While The Paperboy is somewhat predictable in terms of its “B” horror movie plot and format, there is a lot of craftsmanship used in making the film that allows it to be scary and yet have character development at the same time. Director Douglas Jackson and screenwriter David Peckinpah make Johnny into a complete character by showing us many sides to his personality, not just his ruthlessness, but his charm, intelligence, and frustration. His ability to improvise, think on the run, and manipulate adults provides the storyline with some real suspense and disturbing horror. Marc Marut does an outstanding job of portraying these layers of personality, which range from a likable and engaging wholesomeness to that of a cold-blooded killer. He has a real adolescent sound to his voice which can sound ingratiating or grating as his demeanor switches from the likable boy next door to a frustrated psychotic, screeching with rage and anger. Alexandra Paul’s portrayal of Melissa goes beyond the usual parent without a clue role, as her schoolteacher past of working with troubled kids in Boston causes her to try to help Johnny instead of just calling the police. And even other conventions, like the nightmare scenes have some unusual twists to them. Although shown in Canadian theaters, The Paperboy was given a direct-to-video release in the United States, which is too bad, because it certainly is a better film then some of the recent horror films that have been released since, and is definitely worth a look on video.
Johnny checks to see if he has knocked out Brian.
The Paperboy uses shots of Johnny’s red hightop chucks throughout the film as a way of building suspense and at the same time giving a sinister aspect to the classic American sneaker. Director of Photography Rodney Gibbons takes this approach from the very opening of the film. At first, we never see Johnny’s face at all, just shots of his chucks as he rides a bike, walks on the lawn, climbs the stairs and then proceeds to commit a vicious murder. Johnny even has a Chuck Taylor key ring which he uses to unlock the door of the house. Then immediately after this violence, we are shown Johnny getting on his bike, delivering papers, and behaving like a normal, friendly kid you would see wearing a t-shirt, jeans, and hightop chucks. These sudden personality shifts are an important element of the film as the normal behavior of your typical paperboy are contrasted with Johnny’s psychotic episodes. We also find out later in the film that red is Johnny’s favorite color, and it’s clear that he likes his red chucks which he wears throughout the film with extra long laces that are wound around the outside of his hightops (see above picture). Converse Canada is given a credit at the end of the film, so just like Ice Cream Man, the Converse Company has contributed to the production of a horror film, and the presence of Johnny’s red Chuck Taylors provides a major visual impact to the film. These chucks closeups are the clearly the best chucks scenes, and if you click on the thumbnails below, you can see some of these shots.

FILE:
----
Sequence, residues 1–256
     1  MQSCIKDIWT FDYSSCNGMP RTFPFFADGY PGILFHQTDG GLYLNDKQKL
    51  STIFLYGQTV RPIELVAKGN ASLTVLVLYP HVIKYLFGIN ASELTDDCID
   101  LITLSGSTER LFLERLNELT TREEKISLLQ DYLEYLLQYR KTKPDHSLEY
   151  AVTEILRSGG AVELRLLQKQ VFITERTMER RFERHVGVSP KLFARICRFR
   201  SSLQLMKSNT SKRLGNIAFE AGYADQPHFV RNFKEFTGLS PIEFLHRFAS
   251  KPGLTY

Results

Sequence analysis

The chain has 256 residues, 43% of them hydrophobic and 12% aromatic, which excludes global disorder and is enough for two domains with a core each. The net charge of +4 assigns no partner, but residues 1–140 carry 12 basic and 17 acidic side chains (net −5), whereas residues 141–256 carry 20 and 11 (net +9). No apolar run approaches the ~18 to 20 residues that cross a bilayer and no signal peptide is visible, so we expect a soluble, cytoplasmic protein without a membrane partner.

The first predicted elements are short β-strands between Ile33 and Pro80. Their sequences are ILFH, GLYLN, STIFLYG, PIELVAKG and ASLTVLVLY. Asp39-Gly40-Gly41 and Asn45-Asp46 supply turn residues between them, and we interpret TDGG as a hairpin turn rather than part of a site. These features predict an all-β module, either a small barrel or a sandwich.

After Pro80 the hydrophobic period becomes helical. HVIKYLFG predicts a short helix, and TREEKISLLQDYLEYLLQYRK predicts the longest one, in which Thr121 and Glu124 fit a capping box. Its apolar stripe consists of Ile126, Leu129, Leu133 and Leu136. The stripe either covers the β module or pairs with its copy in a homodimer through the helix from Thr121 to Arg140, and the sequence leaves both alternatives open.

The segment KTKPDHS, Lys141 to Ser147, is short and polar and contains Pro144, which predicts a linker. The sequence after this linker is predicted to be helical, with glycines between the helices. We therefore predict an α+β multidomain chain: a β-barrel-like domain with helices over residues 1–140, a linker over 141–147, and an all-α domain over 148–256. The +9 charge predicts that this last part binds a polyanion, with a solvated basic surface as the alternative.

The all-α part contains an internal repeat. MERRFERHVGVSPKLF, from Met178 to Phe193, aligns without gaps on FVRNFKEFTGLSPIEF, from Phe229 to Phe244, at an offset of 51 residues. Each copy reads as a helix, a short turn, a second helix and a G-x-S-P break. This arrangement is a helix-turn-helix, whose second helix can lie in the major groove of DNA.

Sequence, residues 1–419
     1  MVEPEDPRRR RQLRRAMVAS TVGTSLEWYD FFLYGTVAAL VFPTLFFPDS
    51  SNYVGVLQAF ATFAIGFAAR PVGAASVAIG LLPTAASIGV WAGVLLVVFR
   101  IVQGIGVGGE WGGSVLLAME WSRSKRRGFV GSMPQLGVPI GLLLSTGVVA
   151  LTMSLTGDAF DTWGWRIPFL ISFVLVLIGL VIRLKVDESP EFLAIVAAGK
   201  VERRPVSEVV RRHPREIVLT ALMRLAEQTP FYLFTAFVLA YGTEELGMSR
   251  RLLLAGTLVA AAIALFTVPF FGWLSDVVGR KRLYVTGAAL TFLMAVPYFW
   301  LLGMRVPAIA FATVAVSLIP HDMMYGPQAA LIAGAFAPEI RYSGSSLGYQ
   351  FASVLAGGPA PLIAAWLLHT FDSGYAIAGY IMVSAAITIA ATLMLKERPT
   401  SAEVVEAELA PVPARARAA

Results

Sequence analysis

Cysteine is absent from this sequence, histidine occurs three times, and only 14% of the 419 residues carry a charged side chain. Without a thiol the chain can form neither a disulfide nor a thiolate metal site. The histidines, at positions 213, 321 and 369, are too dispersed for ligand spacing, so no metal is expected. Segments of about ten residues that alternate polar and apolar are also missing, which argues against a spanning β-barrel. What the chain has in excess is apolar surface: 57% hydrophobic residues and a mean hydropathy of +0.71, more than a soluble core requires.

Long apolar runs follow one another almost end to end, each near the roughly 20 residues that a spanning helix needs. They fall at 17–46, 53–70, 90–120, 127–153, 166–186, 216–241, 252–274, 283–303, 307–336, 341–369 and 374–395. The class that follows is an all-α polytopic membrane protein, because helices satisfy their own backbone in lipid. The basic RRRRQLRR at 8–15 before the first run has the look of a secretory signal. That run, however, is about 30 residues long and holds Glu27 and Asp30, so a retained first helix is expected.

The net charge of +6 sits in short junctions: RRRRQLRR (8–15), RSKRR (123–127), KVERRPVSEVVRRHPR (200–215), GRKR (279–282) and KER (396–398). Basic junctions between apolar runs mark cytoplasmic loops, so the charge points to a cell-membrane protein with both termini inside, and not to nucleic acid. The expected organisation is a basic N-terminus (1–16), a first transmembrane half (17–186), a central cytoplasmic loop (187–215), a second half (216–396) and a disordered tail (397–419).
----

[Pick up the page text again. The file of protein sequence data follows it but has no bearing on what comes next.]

The cinemaphotography often focuses on Johnny’s red chucks as an extension of
his personality or to build suspense prior to some horrifying action.